specific phenomena or the modes in which people reflect upon them become discernible
and can be revealed through the contents of a tale, narrative, etc. (cf. Geider 1990: 16).
However, there are some problems with hermeneutics. Hermeneutics and its
methodology were developed in western society, for interpreting first and foremost
written testimonies. Therefore it is a questionable undertaking to apply hermeneutic
As far as the linguistic analysis of the Burji language is concerned, there are, apart from some short
word lists, grammatical notes and specialised linguistic publications, two larger works, the
etymological dictionary by Hans-Jürgen Sasse which appeared in 1982, and the grammatical sketch by
Klaus Wedekind (1990). In Kellner (2007:part II) one finds some grammatical annotations and seven
Burji narratives in the original language which are partly interlinearly translated.. For the region which
has come to be called South Ethiopia, interpretative analyses directly based on the original language
are generally very rare. For Burji culture and history see Sasse & Straube 1977, Amborn 1994, 1995,
Amborn and Kellner 1999 and Kellner 2007 with further references.
The mythical reflexivity of the Burji
methods directly to oral traditions (or to culture in general, as it was suggested by
). Oral ‘texts’ are not invariable written documents detached from
situational contexts. Hence it is problematic to consider the contents of oral traditions or
the statements contained therein as timeless, trans-situational representations of culture-
specific ‘facts.’ The decontextualization is driven further when, in a second step of
hermeneutic analysis, these reified ‘facts’ are related to ethnographic information which
is also decontextualised because it was collected in other contexts
. To conclude: in oral
cultures, statements which speakers or the audience may consider as correct and true in
a specific situation might be rejected by them in other situational contexts.
were writing as a medium is of minor importance, oral speech is always brought into
line with the respective discursive situation and is not to be thought of as disseminating
a timeless, leave alone universal truth. This does not mean at all that one has to turn
one’s back on hermeneutic approaches. I applied them when the narrators themselves
made connections to or hinted at culture-specific phenomena, or when Burji themselves
with whom I discussed the recorded stories established a corresponding discursive
context. The images, clichés and modes of speech used in a particular version of a story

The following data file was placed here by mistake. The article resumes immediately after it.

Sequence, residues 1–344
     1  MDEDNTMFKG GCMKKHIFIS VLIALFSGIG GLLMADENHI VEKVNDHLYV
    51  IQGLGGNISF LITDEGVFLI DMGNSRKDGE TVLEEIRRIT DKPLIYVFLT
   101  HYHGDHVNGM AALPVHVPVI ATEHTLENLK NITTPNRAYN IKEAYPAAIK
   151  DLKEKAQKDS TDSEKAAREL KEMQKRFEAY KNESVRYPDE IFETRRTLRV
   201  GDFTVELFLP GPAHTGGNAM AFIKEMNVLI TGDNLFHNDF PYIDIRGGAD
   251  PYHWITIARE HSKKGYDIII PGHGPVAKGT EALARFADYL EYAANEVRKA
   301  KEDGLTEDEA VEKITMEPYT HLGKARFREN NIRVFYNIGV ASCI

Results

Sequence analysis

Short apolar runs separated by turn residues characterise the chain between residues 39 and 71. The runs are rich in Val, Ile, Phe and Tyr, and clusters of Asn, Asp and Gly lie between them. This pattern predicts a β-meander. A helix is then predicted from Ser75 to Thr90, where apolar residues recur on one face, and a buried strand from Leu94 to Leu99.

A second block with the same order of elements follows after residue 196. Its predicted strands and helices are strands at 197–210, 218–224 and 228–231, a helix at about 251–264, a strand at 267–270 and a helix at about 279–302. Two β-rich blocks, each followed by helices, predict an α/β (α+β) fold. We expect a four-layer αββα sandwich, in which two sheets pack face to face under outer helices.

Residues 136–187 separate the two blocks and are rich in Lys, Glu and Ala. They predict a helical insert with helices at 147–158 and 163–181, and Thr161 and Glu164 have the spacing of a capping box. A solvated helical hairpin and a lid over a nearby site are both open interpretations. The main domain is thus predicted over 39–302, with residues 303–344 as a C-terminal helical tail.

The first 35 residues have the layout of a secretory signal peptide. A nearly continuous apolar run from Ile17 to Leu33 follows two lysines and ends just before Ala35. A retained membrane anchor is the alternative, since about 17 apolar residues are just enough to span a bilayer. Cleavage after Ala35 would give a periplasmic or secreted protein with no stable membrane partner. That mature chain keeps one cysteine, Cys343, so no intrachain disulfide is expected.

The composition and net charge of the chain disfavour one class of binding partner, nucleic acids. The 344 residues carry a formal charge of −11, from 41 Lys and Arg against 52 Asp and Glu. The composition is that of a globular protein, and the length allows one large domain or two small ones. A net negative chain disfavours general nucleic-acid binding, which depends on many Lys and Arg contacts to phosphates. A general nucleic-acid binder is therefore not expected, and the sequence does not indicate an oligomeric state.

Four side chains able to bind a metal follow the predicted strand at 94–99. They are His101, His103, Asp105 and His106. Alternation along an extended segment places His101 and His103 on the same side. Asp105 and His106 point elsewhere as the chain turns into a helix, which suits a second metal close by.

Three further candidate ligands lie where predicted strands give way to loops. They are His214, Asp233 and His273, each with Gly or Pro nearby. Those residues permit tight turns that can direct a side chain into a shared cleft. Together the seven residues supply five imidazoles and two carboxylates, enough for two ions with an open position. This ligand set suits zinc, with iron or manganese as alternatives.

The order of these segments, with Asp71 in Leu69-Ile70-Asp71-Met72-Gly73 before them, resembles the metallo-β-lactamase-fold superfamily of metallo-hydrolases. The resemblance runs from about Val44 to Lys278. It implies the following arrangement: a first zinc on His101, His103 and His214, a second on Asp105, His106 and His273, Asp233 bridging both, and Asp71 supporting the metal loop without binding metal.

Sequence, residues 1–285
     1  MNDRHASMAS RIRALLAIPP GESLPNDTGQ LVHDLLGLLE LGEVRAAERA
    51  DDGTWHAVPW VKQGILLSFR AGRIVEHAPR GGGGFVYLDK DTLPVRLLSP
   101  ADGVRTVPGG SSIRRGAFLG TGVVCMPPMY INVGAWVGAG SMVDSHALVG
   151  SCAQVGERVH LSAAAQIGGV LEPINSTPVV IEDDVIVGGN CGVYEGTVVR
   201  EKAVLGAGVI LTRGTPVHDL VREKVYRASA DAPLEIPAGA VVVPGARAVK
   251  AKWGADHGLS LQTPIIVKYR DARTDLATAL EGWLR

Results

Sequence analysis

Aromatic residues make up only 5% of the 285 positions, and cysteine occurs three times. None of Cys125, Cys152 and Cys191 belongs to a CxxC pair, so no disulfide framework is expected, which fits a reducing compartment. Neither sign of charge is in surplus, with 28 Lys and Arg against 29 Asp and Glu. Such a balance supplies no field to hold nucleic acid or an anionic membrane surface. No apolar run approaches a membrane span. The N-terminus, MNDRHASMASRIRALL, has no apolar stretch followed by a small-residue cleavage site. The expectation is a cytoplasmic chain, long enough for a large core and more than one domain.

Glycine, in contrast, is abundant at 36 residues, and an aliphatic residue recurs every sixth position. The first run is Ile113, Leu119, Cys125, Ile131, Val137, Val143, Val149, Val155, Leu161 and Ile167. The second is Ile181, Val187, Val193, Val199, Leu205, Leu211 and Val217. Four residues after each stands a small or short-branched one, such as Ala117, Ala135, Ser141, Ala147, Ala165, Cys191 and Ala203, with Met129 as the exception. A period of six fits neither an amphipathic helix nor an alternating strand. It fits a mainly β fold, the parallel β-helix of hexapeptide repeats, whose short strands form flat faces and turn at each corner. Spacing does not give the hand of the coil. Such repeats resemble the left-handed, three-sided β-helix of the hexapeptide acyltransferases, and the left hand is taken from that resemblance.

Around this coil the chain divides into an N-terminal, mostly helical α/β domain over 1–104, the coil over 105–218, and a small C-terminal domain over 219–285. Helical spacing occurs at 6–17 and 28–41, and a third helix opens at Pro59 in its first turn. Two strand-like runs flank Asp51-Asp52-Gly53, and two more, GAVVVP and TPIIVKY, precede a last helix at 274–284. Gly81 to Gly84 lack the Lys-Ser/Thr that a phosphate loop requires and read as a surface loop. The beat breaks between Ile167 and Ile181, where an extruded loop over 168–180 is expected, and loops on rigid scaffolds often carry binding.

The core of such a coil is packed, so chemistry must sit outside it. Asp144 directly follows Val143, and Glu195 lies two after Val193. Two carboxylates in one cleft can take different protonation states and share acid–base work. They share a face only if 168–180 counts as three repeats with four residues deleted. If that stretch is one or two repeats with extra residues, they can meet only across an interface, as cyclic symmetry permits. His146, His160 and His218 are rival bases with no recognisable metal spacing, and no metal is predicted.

can only be understood when they are, as already said, linked to intersubjective,
historically evolved horizons of meaning and practices from which they have emerged.
Since images, motives and modes of expression, on the other hand, are not semantic
units with invariable meanings but used by members of a specific culture as operators
which can be handled and interpreted differently, the hermeneutic-interpretative
analysis needs to return to the specific narrative performance or event.
Performative approaches which focus on the situational dynamics of oral
performances gave me stimulus to regard the specific situation in which a narrative was
recounted. Since the meaning of oral speech, other than that of a written text or
testimony, is transmitted not only by lexemes but by prosodic features like intonation,
speech speed, phonetic accentuations and non-verbal means like facial expressions or
gestures too, Burji narrative performances were treated as individual speech events and
transcribed according to the method of “speech-oriented transcription”, as developed by
Thomas Geider (cf. 1988, 1990), which takes prosodic and non-verbal features into
account. Second, the interaction between narrator and audience, the presence and
expectations of the anthropologist, as well as the overall discursive framing were also
considered when analysing the meaning of Burji narratives. The situational selection,
arrangement, and stylistic variation of narrative elements are not just ornamental
additions. The content and meaning of a narrative (or of any other piece of oral
literature) cannot be separated from its formal features and situational embedding.
Pierre Bourdieu’s “Theory of Practice” was the third building block in my efforts to
comprehend Burji narratives.
To date, the potential of Bourdieu’s theory for analysing
oral literature has been scarcely recognised. By employing Bourdieu’s concepts of
“habitus” and “social field”, a perennial problem can be tackled which, in my view, has
been not comprehensively and systematically solved: the micro-macro problem of how
to relate the situated narrative events to larger social structures and other modes of
See, e. g., Geertz 1973.
For critics of Geertz’s hermeneutic approach see, e. g., Scholte 1986, Fuchs & Berg 1993, Hobart
2000, Hornbacher 2005: chap. I.1 and 2.
For the contextual nature of the concept of truth and lie among the Burji see Kellner 2006.
The number of Bourdieu’s publications is legion. One of his basic theoretical works is “The Logic of
practices. In addition, Bourdieu’s theory provides a vocabulary to mediate the seeming
contradictions between collectivity of oral traditions and their individual variations.
The potential of Bourdieu’s theory of practice for analysing oral literature
Bourdieu’s theory of practice is the attempt to overcome the antinomy between
objectivism and subjectivism. Objectivist theories, like structuralism, hold that social
relations and forces impose themselves upon agents, irrespective of their consciousness